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Entropy in Social Networks [pdf] (virginia.edu)
98 points by espeed on Feb 16, 2017 | hide | past | favorite | 18 comments



Fascinating paper. Seems to support the idea that social networks are just another species of complex system, and as such tend to develop self-reinforcing structures of influence according to an underlying set of universal state-transfer properties, iterating over time and amplifying the quantum effects governing atomic interactions between members of the ground set of elements (people, at this scale), broadly similar to the way that complex physical systems are all echoes of thermodynamics.

I wonder... will there be a periodic table of ecosystemic elements some day, a Zuckerberg's standard model of quantum sociodynamics? /s


Also could suggest that by mandating periodic group-connection-reinforcing rituals, like daily/weeky religious or other activity, that a society can reach a connectivity state that's quite inflexible.


Indeed, this is a function of monumentalism, which is to reify and consolidate ritual into a pattern that is as permanent and immutable as humanly possible, and thus make the physical landscape shared by a given community reflect the mental landscape they likewise share.


All that rhetoric is wasted on bored churchgoers.


keeping in mind that certain forms of inflexibility are vital to the structure of an organism. Bones for example. Or in the case of the human super organism, ecological stewardship, which was the original subject of the religious sciences.


Are you familiar with Jonathan Haidt's work on the psychology of morality and the formation of superorganisms?

https://en.wikipedia.org/wiki/Jonathan_Haidt

Here is one of Haidt's TED talks that touches on the ideas of cooperation, group selection, and the free-rider problem:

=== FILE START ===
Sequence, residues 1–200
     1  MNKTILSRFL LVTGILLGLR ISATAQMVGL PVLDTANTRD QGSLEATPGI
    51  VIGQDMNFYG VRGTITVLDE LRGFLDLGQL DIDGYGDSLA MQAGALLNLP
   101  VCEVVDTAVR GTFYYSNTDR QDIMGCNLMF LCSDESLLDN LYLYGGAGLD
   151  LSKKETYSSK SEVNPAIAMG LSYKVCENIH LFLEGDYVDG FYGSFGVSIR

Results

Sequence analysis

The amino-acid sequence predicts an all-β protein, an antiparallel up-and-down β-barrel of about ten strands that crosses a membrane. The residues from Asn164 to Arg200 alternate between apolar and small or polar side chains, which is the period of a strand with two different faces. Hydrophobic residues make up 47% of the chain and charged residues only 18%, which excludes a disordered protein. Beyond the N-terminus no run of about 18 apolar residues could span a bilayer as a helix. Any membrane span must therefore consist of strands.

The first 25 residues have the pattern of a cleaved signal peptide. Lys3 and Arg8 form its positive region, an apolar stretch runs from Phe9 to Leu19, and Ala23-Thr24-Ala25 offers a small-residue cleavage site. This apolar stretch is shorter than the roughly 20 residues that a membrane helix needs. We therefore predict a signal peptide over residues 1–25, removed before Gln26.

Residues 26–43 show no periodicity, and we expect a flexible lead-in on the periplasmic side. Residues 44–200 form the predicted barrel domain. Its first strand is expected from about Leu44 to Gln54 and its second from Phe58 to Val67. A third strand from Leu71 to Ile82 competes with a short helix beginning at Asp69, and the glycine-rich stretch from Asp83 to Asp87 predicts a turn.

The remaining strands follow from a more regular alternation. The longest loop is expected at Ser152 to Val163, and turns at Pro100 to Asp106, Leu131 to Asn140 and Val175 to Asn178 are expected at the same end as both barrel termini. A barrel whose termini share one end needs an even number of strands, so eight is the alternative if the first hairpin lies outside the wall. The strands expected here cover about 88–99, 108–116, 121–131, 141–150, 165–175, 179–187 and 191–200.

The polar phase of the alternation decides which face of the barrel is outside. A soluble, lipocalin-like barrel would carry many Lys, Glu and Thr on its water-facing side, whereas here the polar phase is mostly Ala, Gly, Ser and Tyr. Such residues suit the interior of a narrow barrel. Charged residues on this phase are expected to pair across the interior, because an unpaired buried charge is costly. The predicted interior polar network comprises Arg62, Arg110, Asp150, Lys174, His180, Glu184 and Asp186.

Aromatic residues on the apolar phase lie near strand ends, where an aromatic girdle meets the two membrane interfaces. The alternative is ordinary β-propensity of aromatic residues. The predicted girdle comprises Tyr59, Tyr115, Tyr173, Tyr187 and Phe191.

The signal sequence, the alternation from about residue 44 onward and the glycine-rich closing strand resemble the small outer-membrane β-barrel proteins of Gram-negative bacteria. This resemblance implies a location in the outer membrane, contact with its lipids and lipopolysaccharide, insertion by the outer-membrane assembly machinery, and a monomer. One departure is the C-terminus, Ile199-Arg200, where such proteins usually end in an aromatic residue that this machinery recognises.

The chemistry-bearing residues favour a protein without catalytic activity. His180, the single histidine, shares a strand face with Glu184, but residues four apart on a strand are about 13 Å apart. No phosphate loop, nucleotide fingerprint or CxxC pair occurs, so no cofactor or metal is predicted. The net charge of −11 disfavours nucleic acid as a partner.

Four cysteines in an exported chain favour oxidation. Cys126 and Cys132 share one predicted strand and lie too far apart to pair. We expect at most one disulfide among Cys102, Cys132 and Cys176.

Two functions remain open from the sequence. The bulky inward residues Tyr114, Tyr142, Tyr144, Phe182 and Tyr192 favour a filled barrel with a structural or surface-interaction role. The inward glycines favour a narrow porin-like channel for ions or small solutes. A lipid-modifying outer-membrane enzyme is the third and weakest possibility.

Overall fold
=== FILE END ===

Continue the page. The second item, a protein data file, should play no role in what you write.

http://www.ted.com/talks/jonathan_haidt_humanity_s_stairway_...

His Edge article on "Contingent Superorganism" https://www.edge.org/response-detail/10386

NB: Also see this recent post on "information theory and the foundations of life" https://news.ycombinator.com/item?id=13496133


I can't believe this is a published article. 3/4 of the paper is essentially crackpottery (e.g. Proposition 5 proves that the composition of surjective maps is surjective), while the final 1/4 is a "proof by picture" (see Figure 6) that you'd see from a mediocre undergraduate pset.


Proposition 5 proves that the composition of surjective maps are _necessarily_ surjective only when the second map is monotone continuous. Based on the definition of surjectivity given, you can have a composition of surjective maps that isn't surjective.


The figures ("pictures") aren't part of the proof, they're part of the presentation, and Figure 6, as stated in the paper, is included as a reference to an analogous work.


If you read the last 1/4 of the paper, you'll see that Figure 6 is an integral part of the discussion; furthermore, nothing in the discussion is proven rigorously --- they all appeal to the picture.

That is exactly what a proof by picture is.


It looks like a manuscript to me.


I know this is HN but can someone ELI-don't-have-a-PhD-in-mathematics?


You don't need a PhD in mathematics. Firstly, they explain the (already existing) concept of a closure (think for example transitive closure, which seems to be exactly what they're going for).